Hire the right soldiers for your Startup ‘Regiment’. An army that will stay.
Employees are the necessary precursors to the growth of any startup business. Almost all successful enterprises share a common characteristic and that is, their dependable workforce majorly comprises the early hires. But to build such a standing army, you need to become a smart recruiter; rather a ‘Superboss’ according to Sydney Finkelstein.
- Look for passionate and dedicated individuals who have a quest for learning new things and the hunger to explore more.
- Ungroomed freshers prove to be a better choice for a new enterprise than the old hands.
- The experienced ones are difficult to mold and carry their own rulebooks. They bring in greater disgust and lesser value.
Every startup needs a loyal and laborious workforce and not self-absorbed, strong-headed professionals – Rohit Manglik
Call upon for some Paparazzi. Create a buzz.
Whatever you do, wherever you go, build some momentum. Advertising and promotion are an integral part of successful pitching. So, write an effective advertisement plan. Whether it’s the media, customers, and investors, let everyone know about your plans and your story.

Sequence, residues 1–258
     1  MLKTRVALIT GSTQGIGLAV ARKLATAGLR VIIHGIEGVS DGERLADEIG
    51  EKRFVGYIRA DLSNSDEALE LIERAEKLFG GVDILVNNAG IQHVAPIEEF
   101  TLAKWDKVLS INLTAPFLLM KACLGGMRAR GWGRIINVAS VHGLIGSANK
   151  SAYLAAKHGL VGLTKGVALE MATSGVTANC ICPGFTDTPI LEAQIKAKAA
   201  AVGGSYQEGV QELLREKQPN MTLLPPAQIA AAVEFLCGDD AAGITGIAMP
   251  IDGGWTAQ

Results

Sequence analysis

Throw some headlines. Let people know about your product and the glitters glued to it. Let them talk about it, evaluate it and try it. Build a good PR team, indulge in online promotions, go for social marketing. Create some thrill and avidity about your startup venture. Let the world know that a new entrepreneur is stepping into the business world.
Whether it is about raising investment or participating in major events, or insights into your business plans, every story helps in building up excitement about new business – Rohit Manglik
And the lessons add up to…